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New Faces: Catherine Dingley

Like so many students, Catherine Dingley began college without a major. After speaking with numerous nursing students, she knew she had found a fit — a career that was people-focused and would let her contribute to the community.

People  |  Sep 28, 2015  |  By Kevin Dunegan

(Aaron Mayes/UNLV Photo Services)

For Catherine Dingley, wanting to join the faculty at UNLV’s School of Nursing was an easy decision — the university’s drive to become a Top Tier institution appealed to her role as a researcher, and the strong reputation of the school’s dean appealed to her profession as a nurse educator.

Why UNLV?

Having just completed a research fellowship in cancer, aging, and end-of-life care, I wanted a university setting that would foster my interest in research, and knowing UNLV is moving toward Top Tier status made the decision to apply easy. I also knew about the School of Nursing — the innovative and progressive educational environment, the excellent faculty and leadership team, and the focus on bio-behavioral research and management of chronic illness. In addition, Dean Carolyn Yucha has a solid reputation, coupled with a progressive, mover-and-shaker vibe. All of this made joining the nursing faculty exciting.

What inspired you to get into your field?

When I began taking more science courses during my early years of college, I started meeting more and more nursing students. Listening to them, I realized that nursing could be a way to fulfill my desire to make a meaningful contribution and have a career that was people-focused. I wanted to be a productive contributor to society. What better way to accomplish that than care for those in need?

What’s the biggest misconception about your field?

That (nursing) is a task-oriented profession. Many people see our actions and the tasks we perform, but not the knowledge and skills we use to complete them. Nursing requires critical thinking, clinical judgment, assessment, and an ability to prepare a continuous regimen of care. We use these skills and knowledge to care for individuals and families, and coordinate their care with other health and wellness professionals.

What’s the biggest challenge in your field?

One of the biggest is to continue to provide that caring and personal approach in our current health care system, which seems to be getting more and more complex and technologically focused. While technology has provided so many improvements, it also brings a level of complexity that can draw attention away from the importance of providing that caring, human touch. We also face ongoing regulatory requirements that cause us to focus heavily on documentation.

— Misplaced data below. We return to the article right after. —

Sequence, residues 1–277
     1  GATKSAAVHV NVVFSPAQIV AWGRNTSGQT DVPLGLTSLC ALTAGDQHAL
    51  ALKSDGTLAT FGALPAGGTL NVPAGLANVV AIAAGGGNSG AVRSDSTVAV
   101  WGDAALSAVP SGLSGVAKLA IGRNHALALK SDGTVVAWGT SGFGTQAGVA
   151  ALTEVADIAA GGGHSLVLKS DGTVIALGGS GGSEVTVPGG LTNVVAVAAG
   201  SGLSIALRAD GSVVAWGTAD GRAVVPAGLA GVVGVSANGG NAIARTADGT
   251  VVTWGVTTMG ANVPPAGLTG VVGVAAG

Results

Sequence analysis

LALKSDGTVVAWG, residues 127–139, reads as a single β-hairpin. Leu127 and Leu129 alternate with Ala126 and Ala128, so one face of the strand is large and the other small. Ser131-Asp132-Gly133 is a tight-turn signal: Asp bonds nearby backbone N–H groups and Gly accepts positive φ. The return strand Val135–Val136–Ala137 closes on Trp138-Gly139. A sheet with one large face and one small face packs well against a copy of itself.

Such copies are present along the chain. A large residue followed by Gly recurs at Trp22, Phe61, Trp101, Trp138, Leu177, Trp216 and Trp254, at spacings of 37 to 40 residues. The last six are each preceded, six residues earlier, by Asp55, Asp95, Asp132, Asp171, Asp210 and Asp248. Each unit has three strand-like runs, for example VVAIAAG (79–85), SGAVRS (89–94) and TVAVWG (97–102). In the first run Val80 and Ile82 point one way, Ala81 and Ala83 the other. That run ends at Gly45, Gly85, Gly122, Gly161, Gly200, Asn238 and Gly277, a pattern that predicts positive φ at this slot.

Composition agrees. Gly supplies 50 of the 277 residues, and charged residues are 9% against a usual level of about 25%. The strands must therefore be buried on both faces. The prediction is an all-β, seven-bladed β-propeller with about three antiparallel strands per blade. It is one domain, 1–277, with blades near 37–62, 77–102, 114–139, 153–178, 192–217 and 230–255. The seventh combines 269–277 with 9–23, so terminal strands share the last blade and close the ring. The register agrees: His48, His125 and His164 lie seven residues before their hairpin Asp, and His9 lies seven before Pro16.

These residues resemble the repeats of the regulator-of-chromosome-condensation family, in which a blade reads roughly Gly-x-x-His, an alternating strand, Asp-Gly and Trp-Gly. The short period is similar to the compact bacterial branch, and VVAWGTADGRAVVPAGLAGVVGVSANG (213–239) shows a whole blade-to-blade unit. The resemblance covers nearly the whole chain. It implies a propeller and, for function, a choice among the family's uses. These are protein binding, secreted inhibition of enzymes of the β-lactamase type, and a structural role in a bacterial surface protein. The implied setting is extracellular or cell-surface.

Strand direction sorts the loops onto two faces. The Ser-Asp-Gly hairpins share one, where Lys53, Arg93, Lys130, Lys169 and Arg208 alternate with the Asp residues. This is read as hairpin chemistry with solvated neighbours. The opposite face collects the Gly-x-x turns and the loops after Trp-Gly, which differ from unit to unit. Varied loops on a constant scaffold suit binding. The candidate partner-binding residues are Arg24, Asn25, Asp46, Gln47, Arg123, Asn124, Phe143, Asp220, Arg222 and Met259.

Who was your favorite professor and why?

Two professors come to mind. First, Kathy Magilvy. She was director of the Ph.D. program and my advisor at the University of Colorado during my doctoral studies. Professor Magilvy was positive, encouraging, patient, and always sought something good to focus upon. She recognized our expertise as experienced nurses and treated us respectfully — and was a wonderful mentor and coach. The second is Mardie Clayton, who was my research mentor and advisor during my fellowship. She provided a true role model of interdisciplinary research as her work in cancer survivorship bridges nursing, health communication, psychology, and immunology. 

One tip for success?

My tip is to be diligent, persistent, and determined. If you fall down, keep getting up. There will always be barriers, but you can prevent them from becoming roadblocks. Be sure your goals are realistic and then don’t give up on achieving them.

Where did you grow up?

I grew up in multiple places because my dad was in the Army. I was born in Okinawa, Japan, and have lived in California, Hawaii, Texas, Washington, Florida, and Scotland.

Proudest moment in your life?

I have many proud moments, including graduations, both mine and my children’s, my children’s weddings, and seeing them raise children of their own.

What can’t you work without?

My computer and coffee.

Who is your hero?

My hero is my father. He worked hard for everything and served honorably during his career in the military. He loved all of us unconditionally, and was generous with his time, care, and love. And when he was later diagnosed with lung cancer, he faced it bravely and lived with dignity.

Pastimes or hobbies?

My hobbies usually include spending time with my family, whether my husband and I are learning ballroom dancing or the family is traveling together. I also enjoy interior decorating, writing, and outdoor activities